Alterations to your color perception
Some people may become aware of changes to their color vision as their cataracts develop. This is typically associated with a specific form of cataract known as nuclear sclerosis, which appears as a yellowish-brown clouding of the center of the lens (the nucleus). The discoloration of the lens causes certain wavelengths of light to be filtered out as it enters the eye, which changes the color spectrum that you’re able to see.
Unless you have particularly fine color discrimination, such as you’re a painter or colorist, you’re less likely to notice this as a symptom of cataract. However, many people comment on the sudden increased vibrancy of colors once their cataracts have been removed.
Frequent changes to your glasses or contact lens prescription
Cataracts are known for causing a shift in prescription. This can mean your prescription becomes more long-sighted, more short-sighted, or even changes in astigmatism. Depending on where your prescription started and the direction it shifts, you may actually find an improvement in your sight for certain activities (at least for a short while). For example, if you used to wear reading glasses, a short-sighted shift in your prescription from progressing cataracts may find you suddenly being able to read more clearly without your glasses as your natural near vision improves.
It’s important to note that while cataracts are associated with several symptoms, they are not typically associated with pain or redness of the eye. The caveat to this is cataracts that have been left unattended for too long (hypermature cataracts), resulting in them liquifying and sparking an inflammatory reaction in the eye. In developed countries such as the US, this scenario is extremely rare.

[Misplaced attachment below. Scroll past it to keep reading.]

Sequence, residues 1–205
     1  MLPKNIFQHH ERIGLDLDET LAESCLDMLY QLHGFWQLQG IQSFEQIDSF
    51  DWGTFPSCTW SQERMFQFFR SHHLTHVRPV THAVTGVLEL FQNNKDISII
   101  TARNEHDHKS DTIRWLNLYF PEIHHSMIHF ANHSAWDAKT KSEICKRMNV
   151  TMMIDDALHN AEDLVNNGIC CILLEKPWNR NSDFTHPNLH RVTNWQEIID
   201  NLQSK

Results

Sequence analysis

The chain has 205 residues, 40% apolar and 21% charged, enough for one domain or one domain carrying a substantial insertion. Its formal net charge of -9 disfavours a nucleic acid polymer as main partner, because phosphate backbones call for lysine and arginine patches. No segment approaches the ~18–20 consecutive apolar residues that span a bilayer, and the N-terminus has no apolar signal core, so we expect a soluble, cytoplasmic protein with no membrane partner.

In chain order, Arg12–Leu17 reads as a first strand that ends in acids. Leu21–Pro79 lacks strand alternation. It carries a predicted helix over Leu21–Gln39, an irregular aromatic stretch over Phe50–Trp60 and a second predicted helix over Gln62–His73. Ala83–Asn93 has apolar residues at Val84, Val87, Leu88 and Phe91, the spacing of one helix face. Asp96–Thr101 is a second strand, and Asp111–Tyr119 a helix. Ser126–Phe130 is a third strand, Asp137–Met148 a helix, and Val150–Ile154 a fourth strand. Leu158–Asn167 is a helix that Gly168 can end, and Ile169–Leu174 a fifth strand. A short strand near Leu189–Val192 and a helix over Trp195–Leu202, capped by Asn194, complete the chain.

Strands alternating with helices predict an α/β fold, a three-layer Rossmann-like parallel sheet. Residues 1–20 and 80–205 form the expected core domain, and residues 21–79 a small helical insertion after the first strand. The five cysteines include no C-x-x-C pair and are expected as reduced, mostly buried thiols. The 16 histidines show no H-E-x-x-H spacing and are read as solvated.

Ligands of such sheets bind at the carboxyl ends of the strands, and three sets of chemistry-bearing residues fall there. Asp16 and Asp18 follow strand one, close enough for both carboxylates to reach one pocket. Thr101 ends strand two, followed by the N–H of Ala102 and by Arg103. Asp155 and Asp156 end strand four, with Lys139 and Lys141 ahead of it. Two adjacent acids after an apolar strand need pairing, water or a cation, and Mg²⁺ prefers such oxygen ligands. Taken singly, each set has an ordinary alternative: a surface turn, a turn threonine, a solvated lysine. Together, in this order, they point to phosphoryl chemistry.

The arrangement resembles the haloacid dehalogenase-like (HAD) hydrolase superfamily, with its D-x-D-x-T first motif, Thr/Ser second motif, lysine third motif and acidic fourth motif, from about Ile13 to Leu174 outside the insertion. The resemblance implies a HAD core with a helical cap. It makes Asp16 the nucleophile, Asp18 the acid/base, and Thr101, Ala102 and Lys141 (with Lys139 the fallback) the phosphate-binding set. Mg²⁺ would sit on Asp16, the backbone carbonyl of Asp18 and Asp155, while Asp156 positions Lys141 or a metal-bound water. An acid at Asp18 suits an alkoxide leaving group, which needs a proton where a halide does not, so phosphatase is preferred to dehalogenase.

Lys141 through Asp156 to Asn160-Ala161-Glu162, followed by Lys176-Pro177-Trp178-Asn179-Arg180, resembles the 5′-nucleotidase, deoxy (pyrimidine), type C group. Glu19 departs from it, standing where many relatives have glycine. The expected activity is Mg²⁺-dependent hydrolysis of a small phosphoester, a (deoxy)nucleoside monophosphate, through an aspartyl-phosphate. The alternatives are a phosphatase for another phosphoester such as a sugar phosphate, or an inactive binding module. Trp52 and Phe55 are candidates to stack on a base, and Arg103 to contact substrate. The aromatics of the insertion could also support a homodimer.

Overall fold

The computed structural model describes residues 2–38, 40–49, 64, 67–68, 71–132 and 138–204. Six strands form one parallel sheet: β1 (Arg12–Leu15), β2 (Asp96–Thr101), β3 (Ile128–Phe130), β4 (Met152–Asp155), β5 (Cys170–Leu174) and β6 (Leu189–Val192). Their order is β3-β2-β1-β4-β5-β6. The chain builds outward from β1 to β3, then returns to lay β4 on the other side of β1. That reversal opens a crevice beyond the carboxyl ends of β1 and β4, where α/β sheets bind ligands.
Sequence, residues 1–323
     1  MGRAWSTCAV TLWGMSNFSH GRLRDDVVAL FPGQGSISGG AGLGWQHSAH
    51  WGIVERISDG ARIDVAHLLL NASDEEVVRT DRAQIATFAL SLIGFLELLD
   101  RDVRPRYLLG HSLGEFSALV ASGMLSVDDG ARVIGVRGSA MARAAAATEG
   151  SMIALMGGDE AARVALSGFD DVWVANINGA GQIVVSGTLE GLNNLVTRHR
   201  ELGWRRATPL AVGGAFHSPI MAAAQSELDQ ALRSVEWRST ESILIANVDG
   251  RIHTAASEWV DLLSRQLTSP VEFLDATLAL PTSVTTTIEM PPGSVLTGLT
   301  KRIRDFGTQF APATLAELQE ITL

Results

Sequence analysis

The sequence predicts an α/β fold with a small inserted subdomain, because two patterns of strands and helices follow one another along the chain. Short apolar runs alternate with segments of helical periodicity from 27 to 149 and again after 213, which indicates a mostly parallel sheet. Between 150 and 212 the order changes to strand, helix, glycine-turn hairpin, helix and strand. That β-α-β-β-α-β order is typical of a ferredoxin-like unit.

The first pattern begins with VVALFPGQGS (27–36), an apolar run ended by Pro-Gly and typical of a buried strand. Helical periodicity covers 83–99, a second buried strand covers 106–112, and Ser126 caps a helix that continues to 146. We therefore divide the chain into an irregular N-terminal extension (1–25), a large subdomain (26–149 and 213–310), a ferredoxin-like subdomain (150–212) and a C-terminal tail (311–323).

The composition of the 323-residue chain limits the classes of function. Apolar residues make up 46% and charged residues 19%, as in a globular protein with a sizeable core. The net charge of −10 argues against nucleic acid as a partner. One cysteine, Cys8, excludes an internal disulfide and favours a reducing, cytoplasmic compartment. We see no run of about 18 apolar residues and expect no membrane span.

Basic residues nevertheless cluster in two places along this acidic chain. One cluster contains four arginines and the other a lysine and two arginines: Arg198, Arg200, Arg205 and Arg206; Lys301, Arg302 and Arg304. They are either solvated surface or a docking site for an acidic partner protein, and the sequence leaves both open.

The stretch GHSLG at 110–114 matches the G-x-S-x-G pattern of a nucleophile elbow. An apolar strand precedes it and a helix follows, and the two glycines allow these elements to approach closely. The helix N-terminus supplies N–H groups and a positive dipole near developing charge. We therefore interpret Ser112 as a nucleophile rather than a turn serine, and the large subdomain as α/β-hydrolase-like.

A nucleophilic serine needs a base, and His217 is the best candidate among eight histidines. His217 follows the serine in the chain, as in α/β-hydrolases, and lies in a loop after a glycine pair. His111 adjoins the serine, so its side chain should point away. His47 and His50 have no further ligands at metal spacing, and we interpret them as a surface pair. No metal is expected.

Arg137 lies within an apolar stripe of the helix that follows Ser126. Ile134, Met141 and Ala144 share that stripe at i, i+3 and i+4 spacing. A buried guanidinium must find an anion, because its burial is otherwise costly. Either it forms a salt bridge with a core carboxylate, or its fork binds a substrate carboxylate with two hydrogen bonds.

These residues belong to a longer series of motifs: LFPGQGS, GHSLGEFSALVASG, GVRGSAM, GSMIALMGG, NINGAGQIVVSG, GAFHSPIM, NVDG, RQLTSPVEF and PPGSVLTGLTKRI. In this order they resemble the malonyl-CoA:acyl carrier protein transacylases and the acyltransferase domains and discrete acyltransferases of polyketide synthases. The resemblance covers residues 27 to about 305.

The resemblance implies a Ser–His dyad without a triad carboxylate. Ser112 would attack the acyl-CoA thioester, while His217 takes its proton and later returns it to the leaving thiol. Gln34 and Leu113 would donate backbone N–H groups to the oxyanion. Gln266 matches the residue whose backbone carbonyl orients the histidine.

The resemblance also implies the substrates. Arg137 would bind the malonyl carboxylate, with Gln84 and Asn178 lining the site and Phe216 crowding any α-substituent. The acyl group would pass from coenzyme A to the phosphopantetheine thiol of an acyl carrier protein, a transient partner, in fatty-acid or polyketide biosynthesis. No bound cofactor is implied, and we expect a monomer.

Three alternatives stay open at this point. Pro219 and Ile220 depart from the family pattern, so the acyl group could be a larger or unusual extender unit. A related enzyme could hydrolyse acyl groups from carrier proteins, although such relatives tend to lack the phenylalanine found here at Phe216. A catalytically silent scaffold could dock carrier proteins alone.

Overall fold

Do Cataract Symptoms Mean I Need Surgery Immediately?
In the majority of cases, cataract surgery is only necessary when you decide it’s necessary. As everyone’s visual demands are different (think someone whose job requires them to read tiny writing all day versus a professional swimmer) and everyone’s tolerance for blurry vision is different, the best guidance for the timing of cataract surgery is basically “get surgery when your cataracts annoy you enough”.
When first diagnosed with a cataract, have a chat with your eye doctor about the impact the cataracts are having on your vision and your daily tasks. If the final conclusion is that you’re still quite content with what you can see, then the best course of action would simply be to monitor your cataracts and your vision over time until they develop to the stage where they’re starting to cause a bother. For some people, they may reach the end of their very long and happy life without ever feeling like they needed to have their cataracts removed.
In some cases, your eye doctor may gently suggest that you consider cataract surgery before you personally feel like you need it. This is usually when your deteriorating eyesight is beginning to approach the limits required for holding a driver’s license, even if you subjectively feel that your vision is reasonable.
Cataract surgery is straightforward and relatively painless. Nine out of 10 people regain excellent vision between 20/20 and 20/40. If you believe you have a cataract, please contact us so that we can schedule a consultation with Dr. Michel.